Ascomycete pathogens of the Fusarium genus release mycotoxins and cause “root rot” and Fusarium head blight pathologies, leading annually to severe loss in cereal crop productions. Koch et al. showed that A. thaliana and Hordeum vulgare (barley) plants expressing dsRNA targeting the fungal gene CYP51 were completely immune to Fusarium graminearum (Koch et al., 2013; Figure Figure2).2). In transgenic plants, fungal growth was strongly restricted (≥99%) and only present in the vicinity of inoculation sites. The authors reported increased sporulation and altered morphology of Fusarium exposed to transgenic plants, consistent with compromised levels of cytochrome P450 lanosterol C-14α-demethylase, the enzyme encoded by CYP51. Similarly, Ghag et al. achieved effective resistance to Fusarium oxysporum cubense in transgenic bananas (Musa paradisiaca) expressing hairpins to target two vital fungal genes, velvet and Fusarium transcription factor 1 (Ghag et al., 2014). Additional demonstrations of HGS-hpRNAi from plants to fungi have involved the mutualistic mycorrihzal genus Glomus. Helber et al. characterized the Monosaccharide Transporter2 (MST2) gene in Glomus species and provided evidence of its requirement for mycorrhiza formation through a HGS-hpRNAi loss-of-function model (Helber et al., 2011). A similar approach was used by Vega-Arreguin et al. to demonstrate the role of the fungal gene Avr3a1 in the hypersensitive response exhibited by diverse species of the genus Nicotiana to the pathogenic oomycete Phytophthora capsici (Vega-Arreguin et al., 2014).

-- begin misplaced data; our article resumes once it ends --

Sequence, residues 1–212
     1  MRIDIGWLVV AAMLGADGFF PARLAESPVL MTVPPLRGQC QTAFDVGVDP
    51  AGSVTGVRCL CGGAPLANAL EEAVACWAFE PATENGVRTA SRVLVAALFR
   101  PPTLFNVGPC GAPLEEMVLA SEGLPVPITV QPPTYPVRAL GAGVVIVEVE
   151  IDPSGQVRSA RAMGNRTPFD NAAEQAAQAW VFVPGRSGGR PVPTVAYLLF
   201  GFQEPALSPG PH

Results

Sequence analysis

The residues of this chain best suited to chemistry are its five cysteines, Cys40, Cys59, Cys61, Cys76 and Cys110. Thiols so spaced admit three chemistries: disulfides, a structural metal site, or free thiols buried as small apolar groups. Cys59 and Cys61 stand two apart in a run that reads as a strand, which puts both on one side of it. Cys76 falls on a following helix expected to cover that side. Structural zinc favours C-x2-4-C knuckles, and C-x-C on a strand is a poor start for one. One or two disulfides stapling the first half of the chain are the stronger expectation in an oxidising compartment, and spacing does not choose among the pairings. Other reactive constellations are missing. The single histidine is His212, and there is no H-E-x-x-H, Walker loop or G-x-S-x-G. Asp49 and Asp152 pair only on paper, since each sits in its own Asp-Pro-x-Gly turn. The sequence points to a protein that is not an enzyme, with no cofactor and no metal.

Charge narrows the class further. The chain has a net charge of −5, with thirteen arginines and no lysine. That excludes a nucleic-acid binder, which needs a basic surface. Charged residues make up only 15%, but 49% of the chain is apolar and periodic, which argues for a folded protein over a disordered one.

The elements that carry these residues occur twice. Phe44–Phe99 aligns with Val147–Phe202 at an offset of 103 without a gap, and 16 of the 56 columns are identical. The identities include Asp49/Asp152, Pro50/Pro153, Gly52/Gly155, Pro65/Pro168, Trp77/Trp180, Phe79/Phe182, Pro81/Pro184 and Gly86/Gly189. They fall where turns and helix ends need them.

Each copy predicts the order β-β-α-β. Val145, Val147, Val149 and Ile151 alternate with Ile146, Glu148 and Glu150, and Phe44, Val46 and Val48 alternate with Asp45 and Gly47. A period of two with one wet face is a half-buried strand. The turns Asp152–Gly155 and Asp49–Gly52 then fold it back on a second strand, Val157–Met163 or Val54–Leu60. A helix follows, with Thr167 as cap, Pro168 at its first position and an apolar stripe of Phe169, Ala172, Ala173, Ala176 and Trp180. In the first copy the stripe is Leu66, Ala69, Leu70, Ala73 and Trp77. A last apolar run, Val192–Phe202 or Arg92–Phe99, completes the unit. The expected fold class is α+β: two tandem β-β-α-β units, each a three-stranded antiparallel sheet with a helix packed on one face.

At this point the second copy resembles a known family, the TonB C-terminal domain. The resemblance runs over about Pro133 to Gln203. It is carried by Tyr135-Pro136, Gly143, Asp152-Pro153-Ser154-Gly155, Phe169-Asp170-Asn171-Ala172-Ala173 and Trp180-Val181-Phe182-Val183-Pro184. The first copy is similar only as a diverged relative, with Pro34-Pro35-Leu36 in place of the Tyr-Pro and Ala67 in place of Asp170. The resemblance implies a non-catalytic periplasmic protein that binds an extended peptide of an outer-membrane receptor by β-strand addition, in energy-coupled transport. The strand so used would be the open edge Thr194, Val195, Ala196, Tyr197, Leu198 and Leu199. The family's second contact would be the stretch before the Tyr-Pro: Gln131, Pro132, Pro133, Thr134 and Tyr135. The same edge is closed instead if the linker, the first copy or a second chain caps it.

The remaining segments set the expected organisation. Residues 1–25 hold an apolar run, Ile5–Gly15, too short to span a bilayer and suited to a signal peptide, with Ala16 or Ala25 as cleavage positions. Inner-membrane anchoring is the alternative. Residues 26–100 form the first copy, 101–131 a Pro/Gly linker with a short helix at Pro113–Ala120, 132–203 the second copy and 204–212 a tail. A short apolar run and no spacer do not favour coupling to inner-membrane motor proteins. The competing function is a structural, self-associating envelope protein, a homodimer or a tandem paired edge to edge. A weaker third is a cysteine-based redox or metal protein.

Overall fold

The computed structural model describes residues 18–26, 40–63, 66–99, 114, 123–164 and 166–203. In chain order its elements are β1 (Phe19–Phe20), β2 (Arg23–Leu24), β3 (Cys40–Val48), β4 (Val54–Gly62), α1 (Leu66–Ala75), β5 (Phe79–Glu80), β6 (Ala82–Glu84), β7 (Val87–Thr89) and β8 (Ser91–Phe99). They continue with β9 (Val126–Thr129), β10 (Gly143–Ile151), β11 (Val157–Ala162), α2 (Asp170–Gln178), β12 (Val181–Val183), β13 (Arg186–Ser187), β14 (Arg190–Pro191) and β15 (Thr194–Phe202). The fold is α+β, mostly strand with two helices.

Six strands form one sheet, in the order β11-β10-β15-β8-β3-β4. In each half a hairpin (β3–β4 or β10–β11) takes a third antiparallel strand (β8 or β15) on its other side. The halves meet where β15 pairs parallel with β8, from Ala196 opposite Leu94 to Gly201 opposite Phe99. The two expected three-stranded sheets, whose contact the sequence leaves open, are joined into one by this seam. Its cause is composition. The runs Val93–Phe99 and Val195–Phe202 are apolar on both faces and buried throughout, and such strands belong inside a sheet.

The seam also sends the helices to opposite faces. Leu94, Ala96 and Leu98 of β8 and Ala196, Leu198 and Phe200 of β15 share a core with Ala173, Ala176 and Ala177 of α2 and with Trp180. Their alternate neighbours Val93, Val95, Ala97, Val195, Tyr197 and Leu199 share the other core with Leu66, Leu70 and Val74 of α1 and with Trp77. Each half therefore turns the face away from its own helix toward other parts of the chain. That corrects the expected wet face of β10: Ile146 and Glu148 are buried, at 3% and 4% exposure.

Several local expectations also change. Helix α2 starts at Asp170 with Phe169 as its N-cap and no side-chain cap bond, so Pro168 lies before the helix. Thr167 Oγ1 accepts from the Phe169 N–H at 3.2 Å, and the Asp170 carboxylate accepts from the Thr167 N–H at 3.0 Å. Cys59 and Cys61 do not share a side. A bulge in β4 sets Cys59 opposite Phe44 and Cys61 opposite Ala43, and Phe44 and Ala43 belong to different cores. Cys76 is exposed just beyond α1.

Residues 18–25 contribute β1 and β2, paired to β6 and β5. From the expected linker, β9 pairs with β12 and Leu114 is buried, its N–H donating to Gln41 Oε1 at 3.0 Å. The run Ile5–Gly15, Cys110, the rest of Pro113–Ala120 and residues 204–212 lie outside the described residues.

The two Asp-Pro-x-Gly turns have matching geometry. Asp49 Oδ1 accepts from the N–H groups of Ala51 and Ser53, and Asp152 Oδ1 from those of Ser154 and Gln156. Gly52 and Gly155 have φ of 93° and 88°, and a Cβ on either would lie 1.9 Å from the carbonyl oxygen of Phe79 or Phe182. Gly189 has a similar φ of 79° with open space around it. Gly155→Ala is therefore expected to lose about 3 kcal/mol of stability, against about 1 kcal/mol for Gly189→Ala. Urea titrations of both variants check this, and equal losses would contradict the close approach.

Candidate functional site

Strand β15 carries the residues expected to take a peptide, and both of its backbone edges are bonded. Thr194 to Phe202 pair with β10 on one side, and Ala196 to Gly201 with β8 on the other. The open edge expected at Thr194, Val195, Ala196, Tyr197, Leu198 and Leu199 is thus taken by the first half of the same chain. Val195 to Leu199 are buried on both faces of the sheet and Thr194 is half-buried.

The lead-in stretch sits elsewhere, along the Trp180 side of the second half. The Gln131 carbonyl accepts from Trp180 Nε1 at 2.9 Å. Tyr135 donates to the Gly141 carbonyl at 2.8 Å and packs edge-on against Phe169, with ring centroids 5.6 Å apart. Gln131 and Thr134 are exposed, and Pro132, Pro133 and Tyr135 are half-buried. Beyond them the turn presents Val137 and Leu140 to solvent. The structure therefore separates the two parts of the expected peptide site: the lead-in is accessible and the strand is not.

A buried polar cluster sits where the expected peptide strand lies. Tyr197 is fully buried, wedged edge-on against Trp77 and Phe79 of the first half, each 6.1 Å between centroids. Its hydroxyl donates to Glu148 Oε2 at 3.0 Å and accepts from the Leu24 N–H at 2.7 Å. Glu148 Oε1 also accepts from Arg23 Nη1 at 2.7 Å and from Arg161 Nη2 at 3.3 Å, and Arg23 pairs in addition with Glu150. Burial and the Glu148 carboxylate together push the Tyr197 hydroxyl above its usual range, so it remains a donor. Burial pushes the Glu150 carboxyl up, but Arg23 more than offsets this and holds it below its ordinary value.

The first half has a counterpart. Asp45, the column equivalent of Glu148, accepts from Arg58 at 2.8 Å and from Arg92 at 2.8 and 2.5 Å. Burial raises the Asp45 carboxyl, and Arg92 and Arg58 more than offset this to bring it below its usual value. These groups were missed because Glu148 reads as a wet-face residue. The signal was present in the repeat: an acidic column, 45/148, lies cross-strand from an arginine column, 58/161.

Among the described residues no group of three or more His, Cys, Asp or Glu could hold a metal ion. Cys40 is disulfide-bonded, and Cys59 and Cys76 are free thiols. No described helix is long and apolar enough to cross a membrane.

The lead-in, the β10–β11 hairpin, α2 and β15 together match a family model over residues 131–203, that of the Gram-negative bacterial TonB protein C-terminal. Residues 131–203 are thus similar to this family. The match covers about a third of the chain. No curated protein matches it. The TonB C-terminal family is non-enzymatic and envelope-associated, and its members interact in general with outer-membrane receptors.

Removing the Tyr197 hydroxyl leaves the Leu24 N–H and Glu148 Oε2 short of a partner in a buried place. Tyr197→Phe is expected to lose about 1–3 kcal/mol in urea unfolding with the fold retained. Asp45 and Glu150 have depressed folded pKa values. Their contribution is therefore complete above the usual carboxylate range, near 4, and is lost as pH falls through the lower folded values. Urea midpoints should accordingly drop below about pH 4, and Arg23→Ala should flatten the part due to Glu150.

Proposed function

Figure 2
Host-induced hairpin RNA-mediated silencing confers resistance to the fungal pathogen Fusarium. (A) Host-induced hairpin RNA-mediated silencing enables plant to resist to the fungal pathogen Fusarium. In Arabidopsis, expression of a dsRNA construct complementary ...

Nematodes are appealing models to study RNAi and HGS-hpRNAi. In the nematode C. elegans, where RNAi was discovered (Fire et al., 1998), sRNA induces a systemic, amplified, and heritable response (Collins and Cheng, 2006). Strong evidence indicates that dsRNA expressed in E. coli fed to C. elegans can transmit systemic and heritable silencing activity upon ingestion (Liu et al., 2012). In C. elegans, the intestinal transmembrane protein SID-1 binds and imports dsRNA (Jose et al., 2009), while SID-2 is associated with cellular export of RNAi signals and required for systemic environmental RNAi (Winston et al., 2007). Parasitic nematodes of the Meloidogyne genus are soilborne root pathogens that feed on diverse plants, notably potato (Solanum tuberosum) and soybean (Glycine max). Meloidogyne damages roots and compromises the plant's ability to absorb water and nutrients, affecting crop productivity (Abad et al., 2008). Dinh et al. showed that Arabidopsis and potato plants expressing dsRNA constructs that target the nematode gene 16D10L develop resistance to Meloidogyne chitwoodi. Interestingly, RNAi against 16D10L was transferred to the progeny of worms feeding on transgenic roots, consistent with reports of heritable RNAi in nematodes (Dinh et al., 2014). In addition, Ibrahim et al. assessed the efficiency of HGS-hpRNAi at reducing galls formed by Meloidogyne incognita in soybean roots. The authors tested four potential targets in M. incognita and reported that HGS-hpRNAi against transcripts encoding Tyrosine Phosphatase (TP) and Mitochondrial Stress-70 Protein Pre-cursor (MSP) were highly efficient at reducing galls in infected plants (Ibrahim et al., 2011).